Dante called his Italian poem a “comedy” because it begins on a low or unhappy note (with the Pilgrim lost in the dark wood of sin) and ends on a high or happy note (with his contemplation of the Godhead).
An editor added “divine” to the title long after Dante’s death, but the epithet has remained because of the work’s lofty subject matter and the esteem in which readers hold the poem.
The author’s stated purpose in composing the 14,233-line epic was to show the “status of souls after death.” He wrote in the vernacular, rather than Latin, so that his work would be accessible not only to scholars but also to a wide reading public.
Through Hell Dante is accompanied by Virgil, symbol of Reason and Poetry and whose AENEID (book 6) was a model for the Dantean voyage to the underworld. As the two poets descend through the circles of Hell, Dante recognizes, in the gruesome but apt punishments assigned to sinners, sin’s ultimate consequences. On Purgatory’s isle, the two ascend a mountain where repentant sinners are purged of their sinful dispositions. At the mountaintop, Beatrice, symbol of Revelation, replaces Virgil as Dante’s guide. She accompanies the Pilgrim through Paradise, home of the blessed, until St. Bernard, representing Contemplation, introduces the beatific vision.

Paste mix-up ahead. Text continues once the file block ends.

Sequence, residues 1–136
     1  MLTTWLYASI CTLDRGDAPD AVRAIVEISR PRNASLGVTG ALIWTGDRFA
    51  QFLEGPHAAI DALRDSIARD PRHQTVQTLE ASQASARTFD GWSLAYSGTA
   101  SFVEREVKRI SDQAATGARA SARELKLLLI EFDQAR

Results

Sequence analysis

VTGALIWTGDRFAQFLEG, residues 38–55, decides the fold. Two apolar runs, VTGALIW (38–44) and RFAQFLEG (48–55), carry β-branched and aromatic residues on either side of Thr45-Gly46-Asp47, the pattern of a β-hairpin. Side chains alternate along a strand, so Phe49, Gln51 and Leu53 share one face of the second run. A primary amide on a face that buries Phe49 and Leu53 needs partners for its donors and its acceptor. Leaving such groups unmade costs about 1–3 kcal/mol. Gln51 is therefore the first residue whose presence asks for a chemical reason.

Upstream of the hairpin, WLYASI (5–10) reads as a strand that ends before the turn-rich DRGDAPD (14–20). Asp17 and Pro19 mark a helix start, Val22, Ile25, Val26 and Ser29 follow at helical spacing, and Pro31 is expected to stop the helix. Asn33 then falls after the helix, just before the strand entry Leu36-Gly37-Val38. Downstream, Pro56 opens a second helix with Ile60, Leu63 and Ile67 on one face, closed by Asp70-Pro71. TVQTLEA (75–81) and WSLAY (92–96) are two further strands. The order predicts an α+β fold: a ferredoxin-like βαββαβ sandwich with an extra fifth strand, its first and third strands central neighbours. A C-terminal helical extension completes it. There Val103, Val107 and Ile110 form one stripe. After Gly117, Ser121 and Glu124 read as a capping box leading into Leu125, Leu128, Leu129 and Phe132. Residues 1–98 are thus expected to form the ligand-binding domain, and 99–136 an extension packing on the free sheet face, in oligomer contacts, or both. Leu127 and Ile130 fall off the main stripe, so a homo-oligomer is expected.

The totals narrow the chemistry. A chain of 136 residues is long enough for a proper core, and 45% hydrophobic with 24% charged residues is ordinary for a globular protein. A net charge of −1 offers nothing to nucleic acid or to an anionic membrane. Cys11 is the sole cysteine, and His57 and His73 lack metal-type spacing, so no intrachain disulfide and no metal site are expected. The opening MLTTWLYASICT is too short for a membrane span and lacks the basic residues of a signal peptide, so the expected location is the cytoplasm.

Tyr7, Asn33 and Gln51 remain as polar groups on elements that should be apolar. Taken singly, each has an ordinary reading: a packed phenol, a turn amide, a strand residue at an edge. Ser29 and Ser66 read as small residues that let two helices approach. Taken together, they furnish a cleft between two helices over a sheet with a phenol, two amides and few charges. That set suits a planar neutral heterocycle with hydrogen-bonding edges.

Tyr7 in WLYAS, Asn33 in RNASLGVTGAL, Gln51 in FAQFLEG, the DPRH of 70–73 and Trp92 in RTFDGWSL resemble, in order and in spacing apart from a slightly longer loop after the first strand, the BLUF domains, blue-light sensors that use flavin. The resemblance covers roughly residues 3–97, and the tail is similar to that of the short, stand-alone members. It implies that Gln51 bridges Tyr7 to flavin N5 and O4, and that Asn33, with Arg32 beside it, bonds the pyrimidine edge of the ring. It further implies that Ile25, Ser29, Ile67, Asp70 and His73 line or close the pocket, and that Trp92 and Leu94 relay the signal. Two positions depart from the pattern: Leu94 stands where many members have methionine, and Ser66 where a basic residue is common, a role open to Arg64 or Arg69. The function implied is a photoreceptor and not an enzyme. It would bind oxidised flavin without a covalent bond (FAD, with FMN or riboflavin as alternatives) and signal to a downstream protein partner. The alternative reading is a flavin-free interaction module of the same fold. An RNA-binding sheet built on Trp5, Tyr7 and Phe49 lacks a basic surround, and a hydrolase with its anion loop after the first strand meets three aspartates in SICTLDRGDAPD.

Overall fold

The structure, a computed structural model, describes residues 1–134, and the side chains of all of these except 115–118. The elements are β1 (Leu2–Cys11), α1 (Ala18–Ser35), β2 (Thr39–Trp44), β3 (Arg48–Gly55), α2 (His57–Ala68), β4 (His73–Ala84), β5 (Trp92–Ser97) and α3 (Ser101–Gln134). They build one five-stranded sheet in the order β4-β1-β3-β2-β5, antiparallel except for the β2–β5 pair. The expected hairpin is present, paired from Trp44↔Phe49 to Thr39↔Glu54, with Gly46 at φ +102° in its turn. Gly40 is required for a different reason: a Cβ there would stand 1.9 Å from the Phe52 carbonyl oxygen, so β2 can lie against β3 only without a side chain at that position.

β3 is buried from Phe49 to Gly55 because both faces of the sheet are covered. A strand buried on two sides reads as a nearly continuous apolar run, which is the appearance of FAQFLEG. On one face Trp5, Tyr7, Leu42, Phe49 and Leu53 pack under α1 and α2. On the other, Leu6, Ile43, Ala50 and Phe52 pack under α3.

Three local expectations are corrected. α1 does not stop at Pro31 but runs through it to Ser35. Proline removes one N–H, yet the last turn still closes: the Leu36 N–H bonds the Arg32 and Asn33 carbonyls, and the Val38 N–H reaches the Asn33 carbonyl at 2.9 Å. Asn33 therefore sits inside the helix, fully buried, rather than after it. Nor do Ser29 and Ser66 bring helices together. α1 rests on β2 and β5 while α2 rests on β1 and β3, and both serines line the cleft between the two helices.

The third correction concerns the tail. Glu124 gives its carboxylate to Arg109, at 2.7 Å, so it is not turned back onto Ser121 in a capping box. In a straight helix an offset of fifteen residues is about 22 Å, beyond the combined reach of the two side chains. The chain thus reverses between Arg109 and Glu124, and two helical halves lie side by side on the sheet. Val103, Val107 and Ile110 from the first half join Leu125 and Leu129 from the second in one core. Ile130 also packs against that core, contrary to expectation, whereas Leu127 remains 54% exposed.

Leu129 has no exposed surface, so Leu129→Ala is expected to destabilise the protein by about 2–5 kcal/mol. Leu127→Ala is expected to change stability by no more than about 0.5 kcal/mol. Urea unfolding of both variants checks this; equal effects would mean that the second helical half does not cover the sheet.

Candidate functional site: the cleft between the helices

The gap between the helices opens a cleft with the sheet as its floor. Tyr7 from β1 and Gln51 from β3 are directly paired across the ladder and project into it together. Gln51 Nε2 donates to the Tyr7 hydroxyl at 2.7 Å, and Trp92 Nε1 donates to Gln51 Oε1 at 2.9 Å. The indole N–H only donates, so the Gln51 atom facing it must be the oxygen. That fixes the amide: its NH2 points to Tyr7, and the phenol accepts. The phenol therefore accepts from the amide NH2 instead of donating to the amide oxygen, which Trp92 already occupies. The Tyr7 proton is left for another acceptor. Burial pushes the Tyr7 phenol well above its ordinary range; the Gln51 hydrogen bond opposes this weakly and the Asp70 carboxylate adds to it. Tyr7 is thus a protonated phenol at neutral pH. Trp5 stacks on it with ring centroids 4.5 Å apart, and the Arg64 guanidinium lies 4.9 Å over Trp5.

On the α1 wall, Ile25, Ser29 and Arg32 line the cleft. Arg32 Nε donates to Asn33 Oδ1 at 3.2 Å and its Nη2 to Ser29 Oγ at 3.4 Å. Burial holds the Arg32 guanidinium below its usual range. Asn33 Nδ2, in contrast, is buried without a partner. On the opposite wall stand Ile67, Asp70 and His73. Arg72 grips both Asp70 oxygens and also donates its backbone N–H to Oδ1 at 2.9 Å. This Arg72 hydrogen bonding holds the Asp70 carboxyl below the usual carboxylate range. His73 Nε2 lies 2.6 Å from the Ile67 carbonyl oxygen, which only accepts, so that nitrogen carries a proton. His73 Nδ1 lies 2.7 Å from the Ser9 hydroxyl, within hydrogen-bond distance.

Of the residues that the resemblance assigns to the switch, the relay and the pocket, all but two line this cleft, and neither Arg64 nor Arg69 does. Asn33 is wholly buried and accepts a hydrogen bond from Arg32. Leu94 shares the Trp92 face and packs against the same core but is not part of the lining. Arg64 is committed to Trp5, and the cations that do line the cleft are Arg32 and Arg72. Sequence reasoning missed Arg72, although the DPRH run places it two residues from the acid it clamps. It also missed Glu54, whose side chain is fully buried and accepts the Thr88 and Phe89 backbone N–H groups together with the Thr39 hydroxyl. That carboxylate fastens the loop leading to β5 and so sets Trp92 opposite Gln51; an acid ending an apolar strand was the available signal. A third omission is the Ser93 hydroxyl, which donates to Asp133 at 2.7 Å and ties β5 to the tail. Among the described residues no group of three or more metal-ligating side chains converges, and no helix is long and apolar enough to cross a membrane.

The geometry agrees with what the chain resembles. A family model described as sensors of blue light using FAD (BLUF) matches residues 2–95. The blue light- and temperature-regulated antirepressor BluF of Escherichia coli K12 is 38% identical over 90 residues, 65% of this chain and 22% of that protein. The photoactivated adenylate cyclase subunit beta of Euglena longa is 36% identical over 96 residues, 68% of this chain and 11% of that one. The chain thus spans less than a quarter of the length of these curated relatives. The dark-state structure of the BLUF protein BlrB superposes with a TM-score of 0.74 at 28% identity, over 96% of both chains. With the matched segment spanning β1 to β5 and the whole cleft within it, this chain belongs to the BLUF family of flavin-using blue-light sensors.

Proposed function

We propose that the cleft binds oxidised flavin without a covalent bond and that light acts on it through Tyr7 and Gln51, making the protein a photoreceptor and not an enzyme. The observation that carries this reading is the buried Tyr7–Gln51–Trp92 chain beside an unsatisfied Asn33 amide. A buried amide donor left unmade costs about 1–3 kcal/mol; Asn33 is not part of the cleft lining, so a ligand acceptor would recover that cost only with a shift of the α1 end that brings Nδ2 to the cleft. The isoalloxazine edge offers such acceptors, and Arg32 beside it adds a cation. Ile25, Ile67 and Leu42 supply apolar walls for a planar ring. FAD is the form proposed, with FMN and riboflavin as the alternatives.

Dronke, Peter. Dante and Medieval Latin Traditions. Cambridge, England: Cambridge University Press, 1986. Succinctly demonstrates in The Divine Comedy Dante’s debt to medieval Latin conventions. Marshals impressive evidence to argue that Dante did not write the expository part of the “Epistle to Cangrande,” which constitutes the cornerstone of Charles Singleton’s allegorical interpretation of Dante’s masterpiece.
Freccero, John. Dante: The Poetics of Conversion. Edited by Rachel Jacoff. Cambridge, Mass.: Harvard University Press, 1986. A collection of seventeen essays by a leading critic of Dante. Demonstrating the centrality of Augustine’s thought for Dante, Freccero builds on the writings of Charles Singleton while refining many Singletonian ideas.
Jacoff, Rachel, ed. The Cambridge Companion to Dante. Cambridge, England: Cambridge University Press, 1993. Fifteen essays by distinguished scholars that provide essential background to and critical evaluations of Dante’s life and work. Includes key studies by historians and literary scholars.
Singleton, Charles Southward. Dante Studies. Cambridge, Mass.: Harvard University Press, 1954 and 1958. 2 vols. Often regarded as the most influential studies published by an American Dante scholar, these classic writings interpret Dante’s poem using a fourfold allegorical model. Though dated, Singleton’s approach remains a point of departure for much American Dante scholarship.
Sowell, Madison U., ed. Dante and Ovid: Essays in Intertextuality. Binghamton, N.Y.: Medieval & Renaissance Texts & Studies, 1991. Addresses the crucial question of how the Christian poet Dante made use of the classical poet’s texts. The essays highlight and offer perspicacious commentary on the Ovidian presence throughout Dante’s masterpiece.